Modular Approach to Translation Text Managment

For example, translation files can be created per scene, or included in each scene’s create() method…

-- remove all text entries currently stored in GBC Language Cabinet
GBCLanguageCabinet.clearText()

-- load scene specific text
GBCLanguageCabinet.addLanguage("English", "en")
GBCLanguageCabinet.addLanguage("Deutsch", "de")
GBCLanguageCabinet.addLanguage("Español", "es")

GBCLanguageCabinet.addText("RedBall", {
    {"en", "That is a ##color## ##object##"},
    {"de", "Das ist eine ##color## ##object##"},
    {"es", "Esa es una ##object## ##color##"},
})

Notice that for each scene, you remove all previous text, add the language, and then add the text.  This ensures that only the scene specific text is available.  This keeps the memory footprint lower, and makes management of text easier.

In Closing

GBC Language Cabinet is flexible, so the best approach is really up to you. It depends on your game and how you would like to manage it. Using a modular approach allows you to manage translation text in cases where a large number of scenes or a large amount of text makes a single file solution difficult.

I am always interested in knowing who uses GBC Language Cabinet… show me your games! Also, if you have any suggestions for improvements, please let me know.

Post Mortem – Pumpkin Patch Match

I originally wrote this article in October of 2015, but never published it.  Since I just released an update to Pumpkin Patch Match, and since we are coming up on Halloween, I decided to make a few edits and finally release this Post Mortem.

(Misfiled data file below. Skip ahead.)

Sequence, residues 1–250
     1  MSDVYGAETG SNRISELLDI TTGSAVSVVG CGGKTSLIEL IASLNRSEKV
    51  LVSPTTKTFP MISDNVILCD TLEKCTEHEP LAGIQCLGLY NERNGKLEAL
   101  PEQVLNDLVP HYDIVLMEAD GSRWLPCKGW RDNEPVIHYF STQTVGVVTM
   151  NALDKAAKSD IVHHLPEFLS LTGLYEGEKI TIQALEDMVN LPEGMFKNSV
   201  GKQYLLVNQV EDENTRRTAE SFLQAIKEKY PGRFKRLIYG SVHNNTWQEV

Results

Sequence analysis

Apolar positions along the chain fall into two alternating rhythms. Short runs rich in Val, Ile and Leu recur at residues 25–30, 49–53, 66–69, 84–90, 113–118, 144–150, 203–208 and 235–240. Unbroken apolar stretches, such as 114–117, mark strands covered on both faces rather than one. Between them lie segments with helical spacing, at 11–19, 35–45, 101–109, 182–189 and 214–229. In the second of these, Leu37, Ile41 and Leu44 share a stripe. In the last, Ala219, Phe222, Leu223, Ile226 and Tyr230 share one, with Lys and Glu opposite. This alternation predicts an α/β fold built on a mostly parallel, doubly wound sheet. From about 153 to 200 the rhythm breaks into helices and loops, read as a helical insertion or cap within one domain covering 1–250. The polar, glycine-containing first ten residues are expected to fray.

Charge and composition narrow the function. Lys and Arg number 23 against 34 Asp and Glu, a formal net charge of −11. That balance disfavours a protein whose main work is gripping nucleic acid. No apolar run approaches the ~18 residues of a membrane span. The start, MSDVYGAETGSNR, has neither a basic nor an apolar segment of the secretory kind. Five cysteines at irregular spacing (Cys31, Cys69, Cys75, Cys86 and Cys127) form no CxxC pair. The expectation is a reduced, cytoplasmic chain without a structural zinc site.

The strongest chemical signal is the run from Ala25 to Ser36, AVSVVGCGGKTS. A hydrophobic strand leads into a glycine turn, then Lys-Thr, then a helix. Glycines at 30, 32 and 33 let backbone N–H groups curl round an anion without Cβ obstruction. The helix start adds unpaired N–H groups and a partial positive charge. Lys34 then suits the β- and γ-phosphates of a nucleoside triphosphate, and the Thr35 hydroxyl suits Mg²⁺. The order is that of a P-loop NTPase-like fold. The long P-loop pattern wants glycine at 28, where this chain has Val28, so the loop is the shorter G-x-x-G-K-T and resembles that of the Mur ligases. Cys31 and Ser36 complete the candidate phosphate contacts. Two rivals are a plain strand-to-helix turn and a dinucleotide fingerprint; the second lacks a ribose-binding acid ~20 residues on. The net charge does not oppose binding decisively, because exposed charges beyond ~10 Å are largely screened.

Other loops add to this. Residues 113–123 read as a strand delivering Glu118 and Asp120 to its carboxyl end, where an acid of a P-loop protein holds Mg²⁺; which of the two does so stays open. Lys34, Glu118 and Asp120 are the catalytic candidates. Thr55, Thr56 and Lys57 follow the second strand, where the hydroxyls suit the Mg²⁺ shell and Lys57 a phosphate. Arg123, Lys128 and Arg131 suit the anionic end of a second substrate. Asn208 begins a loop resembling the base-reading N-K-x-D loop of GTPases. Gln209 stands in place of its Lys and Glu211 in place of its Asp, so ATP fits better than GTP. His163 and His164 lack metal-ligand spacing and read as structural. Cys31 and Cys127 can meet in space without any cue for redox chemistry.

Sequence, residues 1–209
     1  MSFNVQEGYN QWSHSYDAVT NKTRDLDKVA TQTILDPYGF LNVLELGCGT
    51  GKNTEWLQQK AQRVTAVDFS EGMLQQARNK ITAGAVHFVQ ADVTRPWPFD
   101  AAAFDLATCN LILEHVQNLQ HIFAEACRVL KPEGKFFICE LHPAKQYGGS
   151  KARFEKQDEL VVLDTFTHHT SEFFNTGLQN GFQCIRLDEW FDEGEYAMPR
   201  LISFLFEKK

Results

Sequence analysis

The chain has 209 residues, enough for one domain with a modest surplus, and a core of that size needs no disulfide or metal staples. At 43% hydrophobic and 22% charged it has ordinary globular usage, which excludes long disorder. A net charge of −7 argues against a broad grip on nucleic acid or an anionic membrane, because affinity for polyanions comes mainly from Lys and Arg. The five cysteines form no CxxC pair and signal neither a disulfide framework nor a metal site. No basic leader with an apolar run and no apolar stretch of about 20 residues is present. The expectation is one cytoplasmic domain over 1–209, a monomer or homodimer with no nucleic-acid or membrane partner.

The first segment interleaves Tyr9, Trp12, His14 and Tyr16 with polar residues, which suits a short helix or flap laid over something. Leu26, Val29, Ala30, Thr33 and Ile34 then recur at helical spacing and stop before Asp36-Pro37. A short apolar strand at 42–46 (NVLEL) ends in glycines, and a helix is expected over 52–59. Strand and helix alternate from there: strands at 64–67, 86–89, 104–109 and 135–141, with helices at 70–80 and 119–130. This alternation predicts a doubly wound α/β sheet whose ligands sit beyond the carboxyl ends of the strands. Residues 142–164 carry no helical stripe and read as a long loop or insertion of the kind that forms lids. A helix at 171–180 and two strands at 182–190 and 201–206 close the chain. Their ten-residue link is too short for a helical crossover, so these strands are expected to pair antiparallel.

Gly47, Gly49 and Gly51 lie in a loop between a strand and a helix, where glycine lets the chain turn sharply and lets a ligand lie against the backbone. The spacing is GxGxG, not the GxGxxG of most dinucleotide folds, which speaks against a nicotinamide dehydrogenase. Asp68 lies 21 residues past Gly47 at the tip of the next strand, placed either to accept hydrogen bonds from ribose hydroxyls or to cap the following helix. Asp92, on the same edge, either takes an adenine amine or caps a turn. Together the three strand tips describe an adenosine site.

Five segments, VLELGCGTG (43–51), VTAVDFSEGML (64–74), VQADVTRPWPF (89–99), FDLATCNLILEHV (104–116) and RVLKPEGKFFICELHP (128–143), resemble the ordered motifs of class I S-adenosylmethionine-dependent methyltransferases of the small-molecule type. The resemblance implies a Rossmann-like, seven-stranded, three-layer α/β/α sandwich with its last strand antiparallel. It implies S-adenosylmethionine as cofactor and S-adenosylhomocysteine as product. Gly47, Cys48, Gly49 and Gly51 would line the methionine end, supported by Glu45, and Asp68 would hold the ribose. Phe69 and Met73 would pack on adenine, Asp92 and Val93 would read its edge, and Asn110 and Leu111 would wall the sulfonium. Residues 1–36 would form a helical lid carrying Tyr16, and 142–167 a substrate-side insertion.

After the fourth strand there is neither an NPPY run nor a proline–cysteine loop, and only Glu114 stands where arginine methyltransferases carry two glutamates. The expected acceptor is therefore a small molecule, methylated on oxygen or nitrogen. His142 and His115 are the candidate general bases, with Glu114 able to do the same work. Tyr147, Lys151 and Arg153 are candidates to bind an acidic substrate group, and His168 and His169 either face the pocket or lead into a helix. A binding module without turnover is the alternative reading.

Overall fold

Background

Pumpkin Patch Match bannerI wanted to create a Halloween themed game along the lines of my past two holiday releases, Tappy Holidays, and Tappy Valentines Day. Tappy Halloween, as it was going to be called, was going to be a simple game with the same game mechanics as the first two games in the series, but I just couldn’t figure out a game that would be interesting.

After a couple of weeks of trashing ideas, it came to me… make a game where you have to match a pattern of jack-o-lanterns. Shortly after, I decided to change the name to Pumpkin Patch Match since it seemed better suited for the game.

Putting It Together

I have been learning Unity throughout the first part of 2015, and I thought that this would be a good “first game”. I got pretty far, and was pretty impressed with it, but what I thought were a couple of limitations prevented me from continuing, so I went back to CoronaSDK for this app.

I put together a CoronaSDK based application in no time and I am very happy with the results. I feel it is one of my better developed apps.

Stuff I Encountered
  • CoronaSDK is great for 2D games. I built Pumpkin Patch Match rather quickly, but I’ve been trying to find a reason to move completely to Unity. I guess both have their strengths and weaknesses. I am close though, since there are a few things that are a bit limiting with Corona.
    • 2016: Looking back, I think I should of continued to use Unity… it would of been a great learning experience.
  • I decided to try Vungle for monetization… let’s see how this pans out. I hate ad based games, and I’ve been trying unsuccessfully to get out of that, but I don’t seem to have a choice. My games with In-App Purchases, or games I originally released as a pay-to-play (no ads) were unsuccessful.
    • 2016: Still not sure Vungle is the way to go.  It fits well with the game (allowing the player to continue at the same level if he/she watches a video), but I do not see the profits I expected.